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When Joshua Powell showed up at Tim Peterson's door with extremely wind-burned hands two days after his wife went missing, asking for a ride to the police station to get his van, he seemed "pretty unfazed."

"We kept asking about Susan, but all he could talk about was the new clothes and phone he had gotten at Walmart after the police took his stuff for evidence," Peterson said Wednesday about his neighbor.

Joshua Powell seemed to have that lax attitude from the beginning.

Neighbors called all day Dec. 7 after his wife was reported missing, and when they finally talked to Joshua Powell, it took him two hours to get home.

"He just said he was driving around West Valley City," Peterson said. "He wasn't in a big hurry to get home and find his wife. It's just a really crappy situation."

Two days later, when Joshua Powell dropped by the Peterson home, he had "the worst wind burn" Peterson had ever seen on the back of his hands and he kept applying lotion to them as they talked in Peterson's front room.

"I wanted to say 'Man, this just isn't adding up,' but I didn't, I was loving and supportive," Peterson said.

Powell wouldn't answer questions about his missing wife, only saying he didn't know where she was and that he wasn't actively looking for her because the police were handling that, Peterson said.

"This guy was absolutely a crackpot and there was just something wrong with this whole situation," Peterson said.

West Valley City police Capt. Tom McLachlan would not discuss a phone or Powell's chapped hands, saying he will not discuss evidence in the case.

He said West Valley City police will not keep the same number of investigators on the case during Christmas Day.

"It will be peeled back a little , but we're keeping it going," McLachlan said.

Susan Powell was reported missing Dec. 7 after she didn't show up for work and didn't drop her children off to day care. Joshua Powell has told police he took his sons Charlie, 4, and Braden, 2, camping at 12:30 a.m. that day and had left his wife, who was not feeling well, home alone.

Powell said the police had taken his clothes, the quilt on the couple's bed and his cell phone. Police have acknowledged there was a wet spot with two fans blowing on it at the Powell home, and Peterson said Powell told him police also took their carpet cleaner.

"Josh is really possessive about his things," Peterson said. "He treated everything as his possessions, including his wife and kids. He was very controlling."

Peterson is a member of The Church of Jesus Christ of Latter-day Saints and attends the same ward as the Powells. He and Susan Powell became close late this summer, when she asked him questions about marriage counseling, which Peterson and his wife previously had gone through.

On the day of the Powells' first meeting with the LDS Family Service counselor, she told Peterson about Joshua Powell's controlling behavior, and how he had become more possessive and obsessive since moving to Utah five years ago. She told Peterson she wanted her husband to become active in the LDS Church again and get his temple recommend by their anniversary in 2010, or she was seriously considering divorcing him.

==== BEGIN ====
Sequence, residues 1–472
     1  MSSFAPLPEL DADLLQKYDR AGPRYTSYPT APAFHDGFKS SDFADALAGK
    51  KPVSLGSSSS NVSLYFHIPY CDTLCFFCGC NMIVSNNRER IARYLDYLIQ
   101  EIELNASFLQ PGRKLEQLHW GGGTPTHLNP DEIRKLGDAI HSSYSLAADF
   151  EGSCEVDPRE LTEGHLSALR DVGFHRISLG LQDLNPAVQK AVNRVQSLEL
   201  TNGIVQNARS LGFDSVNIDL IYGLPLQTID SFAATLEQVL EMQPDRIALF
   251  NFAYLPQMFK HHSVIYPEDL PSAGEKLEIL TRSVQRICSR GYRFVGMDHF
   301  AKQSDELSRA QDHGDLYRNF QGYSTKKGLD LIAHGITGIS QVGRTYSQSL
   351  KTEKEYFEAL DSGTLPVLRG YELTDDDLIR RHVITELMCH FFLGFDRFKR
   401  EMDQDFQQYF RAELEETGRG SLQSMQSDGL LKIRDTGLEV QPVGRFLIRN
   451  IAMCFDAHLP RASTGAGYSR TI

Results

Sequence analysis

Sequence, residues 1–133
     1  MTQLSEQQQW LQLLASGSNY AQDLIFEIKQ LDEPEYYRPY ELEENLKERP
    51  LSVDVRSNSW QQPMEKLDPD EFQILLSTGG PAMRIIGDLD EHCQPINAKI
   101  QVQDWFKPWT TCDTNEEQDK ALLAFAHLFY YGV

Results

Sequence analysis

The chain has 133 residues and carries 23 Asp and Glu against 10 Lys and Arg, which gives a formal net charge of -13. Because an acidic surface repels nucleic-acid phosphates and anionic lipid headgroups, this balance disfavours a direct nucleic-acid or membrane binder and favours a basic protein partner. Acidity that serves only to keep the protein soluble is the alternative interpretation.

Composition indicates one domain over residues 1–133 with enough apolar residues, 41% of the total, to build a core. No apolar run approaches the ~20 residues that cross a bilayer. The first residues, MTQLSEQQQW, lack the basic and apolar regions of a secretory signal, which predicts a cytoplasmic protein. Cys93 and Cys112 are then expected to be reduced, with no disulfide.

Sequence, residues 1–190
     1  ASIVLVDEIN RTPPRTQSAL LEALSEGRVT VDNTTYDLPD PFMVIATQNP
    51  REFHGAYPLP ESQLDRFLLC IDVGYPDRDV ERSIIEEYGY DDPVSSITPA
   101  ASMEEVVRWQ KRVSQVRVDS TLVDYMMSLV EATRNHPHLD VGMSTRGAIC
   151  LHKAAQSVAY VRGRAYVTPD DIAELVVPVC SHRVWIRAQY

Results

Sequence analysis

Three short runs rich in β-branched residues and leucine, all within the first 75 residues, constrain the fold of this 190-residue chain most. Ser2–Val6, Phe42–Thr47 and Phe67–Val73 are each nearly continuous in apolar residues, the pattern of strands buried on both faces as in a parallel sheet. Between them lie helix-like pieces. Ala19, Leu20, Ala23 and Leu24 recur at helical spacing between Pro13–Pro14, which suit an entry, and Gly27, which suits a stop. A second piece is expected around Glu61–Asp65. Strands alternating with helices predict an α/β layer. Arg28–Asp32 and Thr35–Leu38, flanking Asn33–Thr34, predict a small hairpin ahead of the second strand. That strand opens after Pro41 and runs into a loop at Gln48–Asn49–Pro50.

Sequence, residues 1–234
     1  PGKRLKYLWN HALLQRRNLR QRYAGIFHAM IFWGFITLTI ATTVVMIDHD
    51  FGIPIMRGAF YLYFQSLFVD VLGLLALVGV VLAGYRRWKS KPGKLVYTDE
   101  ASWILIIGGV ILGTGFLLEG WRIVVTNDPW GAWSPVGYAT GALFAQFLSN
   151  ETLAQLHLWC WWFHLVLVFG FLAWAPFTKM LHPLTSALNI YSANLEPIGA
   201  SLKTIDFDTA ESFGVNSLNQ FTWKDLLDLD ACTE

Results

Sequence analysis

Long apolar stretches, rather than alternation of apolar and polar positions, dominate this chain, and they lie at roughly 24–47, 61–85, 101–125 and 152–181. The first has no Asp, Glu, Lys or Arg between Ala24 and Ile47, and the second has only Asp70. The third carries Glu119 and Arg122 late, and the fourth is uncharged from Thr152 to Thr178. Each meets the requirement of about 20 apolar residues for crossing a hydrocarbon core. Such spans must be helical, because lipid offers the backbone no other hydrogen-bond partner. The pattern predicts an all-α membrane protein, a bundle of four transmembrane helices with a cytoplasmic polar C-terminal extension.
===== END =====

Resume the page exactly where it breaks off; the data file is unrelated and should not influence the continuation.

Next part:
"She went to the marriage counselor hoping it would save their marriage," Peterson said.

But Joshua's behavior showed a lack of caring for Susan's well-being, Peterson said.

One night in September, Susan called Peterson to ask for a blessing because she was feeling so sick. He called the Elders Quorum president, and the two went to the house. Joshua Powell talked with them for 45 minutes about a computer conference he attended before Susan finally walked into the front room, looking pale and ill, Peterson said.

He asked Susan if she wanted a blessing, and she accepted. Peterson asked Joshua Powell if he wanted to participate, as it was his wife and home. He shrugged his shoulders and said OK, Peterson said.

In the middle of the blessing, the Powells' 4-year-old son, Charlie, climbed onto Susan's lap and was pretending to give the blessing, too.

"All Josh could do was laugh at his son," Peterson said. "It was so heartbreaking to see he just didn't care about her needs."

Joshua Powell also became increasingly erratic.

Powell once yelled at the Petersons for taking off their shoes and socks in his home, saying he'd have to spend all night cleaning the floors from the germs on their bare feet.

Susan Powell talked with Peterson about her first four marriage counseling sessions, but stopped after Peterson counseled her to leave her husband, whom he didn't see making any effort to improve their relationship.

"I told her she was a beautiful, talented woman who could be so much happier in a different situation," Peterson said. "I told her her husband was an energy suck and no one could stand to be around him."

Peterson said Susan Powell wanted to be more social and have friends over more often, but fellow ward members "couldn't stand" Joshua and would avoid him.

Even though Peterson and Susan Powell stopped talking about the Powell marriage, they stayed in touch. She sent him an e-mail thanking him for a backyard play set for her two boys, saying it would be great to have next summer to entertain the boys while she did yard work.

"This was not a woman who wanted to leave," Peterson said.

Nate Carlisle contributed to this report.

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